s part considering the development time you must have invested.
Google Gears has been an interesting learning experience for us in a couple of ways. We use it to provide offline support, which we began offering because some people complained that our applications didn’t include it. But we soon noticed that only a very small percentage of our customers were actually using it. Offline turns out to be a checklist item: it’s about how people perceive they’ll be using a Web application, rather than how those applications are actually used.
Meanwhile, HTML5 has been evolving, with many browsers supporting it. So when Google made its announcement, we didn’t have any concerns because we know that HTML5 is going to be the future, one that doesn’t require users to install a plug-in. If we were them, we would do the same.
That said, we do use Flash in certain applications, like Zoho Notebook for video and audio recording. But building an entire application on top of Flash was too much of a stretch. My view on plug-ins is that they address holes in existing browser technology. When the browsers mature, the plug-ins will no longer be needed. That’s what is happening now where the HTML standard is catching up with the reality of how the Web is actually used. Flash was initially started to address that the browsers were not going fast enough. Now the browsers are evolving and the plug-ins are going to go away. We’re seeing that with GIF and will probably see that with Flash, though it might take quite a while.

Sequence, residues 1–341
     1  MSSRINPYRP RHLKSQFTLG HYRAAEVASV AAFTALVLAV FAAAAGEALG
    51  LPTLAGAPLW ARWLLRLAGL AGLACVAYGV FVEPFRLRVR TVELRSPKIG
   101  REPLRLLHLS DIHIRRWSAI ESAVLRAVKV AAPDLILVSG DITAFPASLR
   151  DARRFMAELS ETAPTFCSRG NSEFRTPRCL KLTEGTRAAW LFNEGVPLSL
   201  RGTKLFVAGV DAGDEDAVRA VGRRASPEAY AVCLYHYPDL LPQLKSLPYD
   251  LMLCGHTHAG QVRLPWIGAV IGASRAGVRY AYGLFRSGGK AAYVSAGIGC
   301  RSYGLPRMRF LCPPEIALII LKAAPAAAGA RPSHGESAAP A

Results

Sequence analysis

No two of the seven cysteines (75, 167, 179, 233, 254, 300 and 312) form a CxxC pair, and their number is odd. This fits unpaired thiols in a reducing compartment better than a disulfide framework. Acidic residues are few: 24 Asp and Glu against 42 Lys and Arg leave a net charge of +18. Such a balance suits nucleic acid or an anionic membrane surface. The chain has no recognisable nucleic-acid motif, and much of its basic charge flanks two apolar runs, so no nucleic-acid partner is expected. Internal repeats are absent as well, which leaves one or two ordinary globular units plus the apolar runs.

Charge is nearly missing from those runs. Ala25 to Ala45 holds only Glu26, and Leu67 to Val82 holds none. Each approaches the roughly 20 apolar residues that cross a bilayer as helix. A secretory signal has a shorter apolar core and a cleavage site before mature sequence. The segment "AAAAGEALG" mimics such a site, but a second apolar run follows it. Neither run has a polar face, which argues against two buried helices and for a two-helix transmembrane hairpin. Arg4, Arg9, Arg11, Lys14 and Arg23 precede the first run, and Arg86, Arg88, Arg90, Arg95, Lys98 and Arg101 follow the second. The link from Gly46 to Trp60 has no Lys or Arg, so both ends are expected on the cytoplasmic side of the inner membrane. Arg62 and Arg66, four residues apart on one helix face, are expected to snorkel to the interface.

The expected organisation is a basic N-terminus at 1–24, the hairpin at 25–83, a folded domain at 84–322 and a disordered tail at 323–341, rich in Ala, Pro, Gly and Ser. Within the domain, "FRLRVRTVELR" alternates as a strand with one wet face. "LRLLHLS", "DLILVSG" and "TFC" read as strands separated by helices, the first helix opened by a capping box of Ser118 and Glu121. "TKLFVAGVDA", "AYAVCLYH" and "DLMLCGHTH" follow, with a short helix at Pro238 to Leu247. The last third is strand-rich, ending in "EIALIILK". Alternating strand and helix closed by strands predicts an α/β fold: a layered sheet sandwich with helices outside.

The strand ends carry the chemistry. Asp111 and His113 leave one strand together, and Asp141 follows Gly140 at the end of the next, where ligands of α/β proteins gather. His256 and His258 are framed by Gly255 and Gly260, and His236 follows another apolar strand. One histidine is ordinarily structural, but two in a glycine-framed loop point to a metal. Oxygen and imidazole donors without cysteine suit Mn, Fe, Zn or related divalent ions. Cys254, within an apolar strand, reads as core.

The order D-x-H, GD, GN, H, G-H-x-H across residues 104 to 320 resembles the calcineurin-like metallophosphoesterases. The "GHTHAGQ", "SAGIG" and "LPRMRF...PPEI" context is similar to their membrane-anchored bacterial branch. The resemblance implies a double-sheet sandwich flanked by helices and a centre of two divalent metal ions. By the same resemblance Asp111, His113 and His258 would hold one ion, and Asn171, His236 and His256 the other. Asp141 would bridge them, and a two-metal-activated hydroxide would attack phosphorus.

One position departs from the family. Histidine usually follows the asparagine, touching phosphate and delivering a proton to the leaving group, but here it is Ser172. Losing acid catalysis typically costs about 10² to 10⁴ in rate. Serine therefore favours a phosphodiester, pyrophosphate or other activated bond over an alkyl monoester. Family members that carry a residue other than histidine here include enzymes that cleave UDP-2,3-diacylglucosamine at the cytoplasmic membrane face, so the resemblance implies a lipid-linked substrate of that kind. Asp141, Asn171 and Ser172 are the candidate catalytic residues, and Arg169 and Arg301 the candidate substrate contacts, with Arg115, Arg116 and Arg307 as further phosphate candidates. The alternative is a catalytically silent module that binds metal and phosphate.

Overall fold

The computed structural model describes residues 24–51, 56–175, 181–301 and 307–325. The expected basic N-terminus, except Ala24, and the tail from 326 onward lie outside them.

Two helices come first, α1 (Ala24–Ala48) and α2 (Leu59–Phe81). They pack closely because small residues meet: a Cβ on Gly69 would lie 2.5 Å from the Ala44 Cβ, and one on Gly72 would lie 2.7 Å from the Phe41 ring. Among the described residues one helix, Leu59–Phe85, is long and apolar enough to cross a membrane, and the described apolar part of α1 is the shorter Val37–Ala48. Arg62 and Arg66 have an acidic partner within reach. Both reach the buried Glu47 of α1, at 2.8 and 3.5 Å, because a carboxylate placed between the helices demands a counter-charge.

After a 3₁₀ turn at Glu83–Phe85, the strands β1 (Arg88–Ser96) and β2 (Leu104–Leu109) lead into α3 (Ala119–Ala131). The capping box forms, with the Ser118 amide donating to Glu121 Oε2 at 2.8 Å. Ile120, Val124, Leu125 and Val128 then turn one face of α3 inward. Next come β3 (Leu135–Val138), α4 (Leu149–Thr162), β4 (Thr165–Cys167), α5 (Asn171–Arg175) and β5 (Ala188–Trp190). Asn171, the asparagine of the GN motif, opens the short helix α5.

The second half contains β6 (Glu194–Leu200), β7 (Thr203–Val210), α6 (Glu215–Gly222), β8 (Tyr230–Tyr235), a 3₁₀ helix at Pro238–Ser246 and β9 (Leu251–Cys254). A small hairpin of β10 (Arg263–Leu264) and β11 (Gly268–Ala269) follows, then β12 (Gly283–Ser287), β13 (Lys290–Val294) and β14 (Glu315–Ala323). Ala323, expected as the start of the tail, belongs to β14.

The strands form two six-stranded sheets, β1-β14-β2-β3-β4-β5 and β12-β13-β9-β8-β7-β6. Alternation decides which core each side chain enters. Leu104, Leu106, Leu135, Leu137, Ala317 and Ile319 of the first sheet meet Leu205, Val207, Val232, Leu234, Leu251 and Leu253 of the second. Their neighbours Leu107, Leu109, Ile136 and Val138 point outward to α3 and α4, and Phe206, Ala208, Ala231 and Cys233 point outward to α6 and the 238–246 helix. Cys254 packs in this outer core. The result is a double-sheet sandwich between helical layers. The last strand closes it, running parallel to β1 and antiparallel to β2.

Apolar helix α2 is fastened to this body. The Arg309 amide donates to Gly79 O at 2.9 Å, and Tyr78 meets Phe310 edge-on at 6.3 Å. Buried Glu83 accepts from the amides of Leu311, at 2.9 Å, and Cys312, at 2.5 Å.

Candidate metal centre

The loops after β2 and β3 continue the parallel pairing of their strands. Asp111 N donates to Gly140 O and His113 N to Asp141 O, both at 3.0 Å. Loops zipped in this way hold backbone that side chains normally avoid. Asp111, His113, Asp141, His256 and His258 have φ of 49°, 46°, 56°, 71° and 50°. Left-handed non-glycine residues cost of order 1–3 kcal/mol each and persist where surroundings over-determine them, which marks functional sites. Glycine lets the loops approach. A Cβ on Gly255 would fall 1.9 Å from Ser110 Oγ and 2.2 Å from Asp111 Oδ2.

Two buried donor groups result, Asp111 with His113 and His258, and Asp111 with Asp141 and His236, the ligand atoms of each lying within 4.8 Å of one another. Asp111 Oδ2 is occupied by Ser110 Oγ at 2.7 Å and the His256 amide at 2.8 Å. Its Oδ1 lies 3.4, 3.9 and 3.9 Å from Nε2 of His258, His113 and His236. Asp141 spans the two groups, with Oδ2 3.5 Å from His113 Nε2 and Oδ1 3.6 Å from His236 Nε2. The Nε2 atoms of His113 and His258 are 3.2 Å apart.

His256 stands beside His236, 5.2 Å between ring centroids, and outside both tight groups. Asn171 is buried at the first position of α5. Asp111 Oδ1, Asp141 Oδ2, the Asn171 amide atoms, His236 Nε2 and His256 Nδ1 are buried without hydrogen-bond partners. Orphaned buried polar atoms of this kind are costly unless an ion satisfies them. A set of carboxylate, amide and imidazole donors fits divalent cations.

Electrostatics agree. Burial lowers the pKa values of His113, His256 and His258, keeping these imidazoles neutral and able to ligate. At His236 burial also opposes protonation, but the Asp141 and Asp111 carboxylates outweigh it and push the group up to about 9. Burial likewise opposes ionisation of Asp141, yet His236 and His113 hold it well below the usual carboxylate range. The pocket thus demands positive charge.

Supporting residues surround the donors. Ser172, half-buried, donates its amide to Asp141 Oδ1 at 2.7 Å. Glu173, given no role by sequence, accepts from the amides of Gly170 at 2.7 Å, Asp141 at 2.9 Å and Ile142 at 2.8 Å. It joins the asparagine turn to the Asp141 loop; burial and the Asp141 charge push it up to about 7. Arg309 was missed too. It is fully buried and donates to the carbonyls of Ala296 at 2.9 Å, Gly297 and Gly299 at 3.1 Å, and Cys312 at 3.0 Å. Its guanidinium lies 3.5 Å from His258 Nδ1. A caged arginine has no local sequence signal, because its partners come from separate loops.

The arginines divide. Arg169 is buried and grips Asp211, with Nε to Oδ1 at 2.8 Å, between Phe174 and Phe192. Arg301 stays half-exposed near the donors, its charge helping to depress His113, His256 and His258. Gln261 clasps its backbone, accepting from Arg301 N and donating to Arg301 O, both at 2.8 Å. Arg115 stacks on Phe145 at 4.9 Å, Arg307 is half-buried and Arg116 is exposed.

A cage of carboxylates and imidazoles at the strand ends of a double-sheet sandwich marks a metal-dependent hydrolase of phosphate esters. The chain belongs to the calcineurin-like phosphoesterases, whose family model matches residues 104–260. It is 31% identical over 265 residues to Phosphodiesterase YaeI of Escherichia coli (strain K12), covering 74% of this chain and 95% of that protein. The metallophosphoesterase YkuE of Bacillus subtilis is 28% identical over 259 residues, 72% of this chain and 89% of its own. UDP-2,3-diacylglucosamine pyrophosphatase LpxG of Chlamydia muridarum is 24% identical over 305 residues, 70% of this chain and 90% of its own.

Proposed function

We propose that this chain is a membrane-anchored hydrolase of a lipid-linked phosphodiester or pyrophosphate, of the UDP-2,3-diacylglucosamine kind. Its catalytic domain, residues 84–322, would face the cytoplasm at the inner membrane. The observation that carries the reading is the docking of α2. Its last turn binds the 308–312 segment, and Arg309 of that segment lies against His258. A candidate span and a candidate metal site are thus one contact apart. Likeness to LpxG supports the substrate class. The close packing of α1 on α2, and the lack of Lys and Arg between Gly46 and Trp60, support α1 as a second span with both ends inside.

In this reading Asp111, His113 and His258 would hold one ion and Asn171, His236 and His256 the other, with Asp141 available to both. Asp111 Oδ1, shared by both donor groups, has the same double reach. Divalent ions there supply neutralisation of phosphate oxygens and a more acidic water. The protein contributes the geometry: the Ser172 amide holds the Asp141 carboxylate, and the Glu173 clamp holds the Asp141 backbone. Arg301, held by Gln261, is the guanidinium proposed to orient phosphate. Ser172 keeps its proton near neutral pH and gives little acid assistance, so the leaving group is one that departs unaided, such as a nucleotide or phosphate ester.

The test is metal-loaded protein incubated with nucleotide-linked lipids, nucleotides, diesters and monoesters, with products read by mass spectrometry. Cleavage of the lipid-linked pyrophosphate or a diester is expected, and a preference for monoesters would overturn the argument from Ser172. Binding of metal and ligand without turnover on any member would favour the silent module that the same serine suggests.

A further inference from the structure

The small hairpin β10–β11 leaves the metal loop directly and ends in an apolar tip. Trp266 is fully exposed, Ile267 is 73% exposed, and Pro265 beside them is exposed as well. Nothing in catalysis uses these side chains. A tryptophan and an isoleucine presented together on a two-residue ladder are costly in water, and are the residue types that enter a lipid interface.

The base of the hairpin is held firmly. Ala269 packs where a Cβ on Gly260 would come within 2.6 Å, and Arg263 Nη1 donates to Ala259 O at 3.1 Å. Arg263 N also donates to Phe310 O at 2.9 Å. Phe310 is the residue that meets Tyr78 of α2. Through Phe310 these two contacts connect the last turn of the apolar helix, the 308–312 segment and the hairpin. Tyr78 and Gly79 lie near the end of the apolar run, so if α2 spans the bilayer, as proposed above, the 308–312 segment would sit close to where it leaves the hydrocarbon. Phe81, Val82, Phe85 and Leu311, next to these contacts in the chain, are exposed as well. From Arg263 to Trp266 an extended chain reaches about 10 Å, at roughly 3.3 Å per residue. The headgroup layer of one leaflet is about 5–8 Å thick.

- How does Zoho make money on its apps?
All our applications are free for individuals, and we offer a good free version for every single application we make. We offer upgrade versions if your usage exceeds the limit―and that limit varies, depending on the application. For our office suite, we impose no limit for individuals, but we do for companies who want administrative controls for sharing and publishing documents. We’ve taken other approaches, as well. For example, our Zoho Business suite offers email hosting, document management, a calendar and more free for the first three users. We want people to try it out. For the fourth user and beyond, we charge $5.
00 a month per user.
- What development tools do you use?
We use an open source stack. Linux at the operating system level, MySQL for the database―using our own extensions, and at the development language level, we’ve used Java entirely for the past 14 years, and a customized, secured version of the Apache Tomcat Java servlet.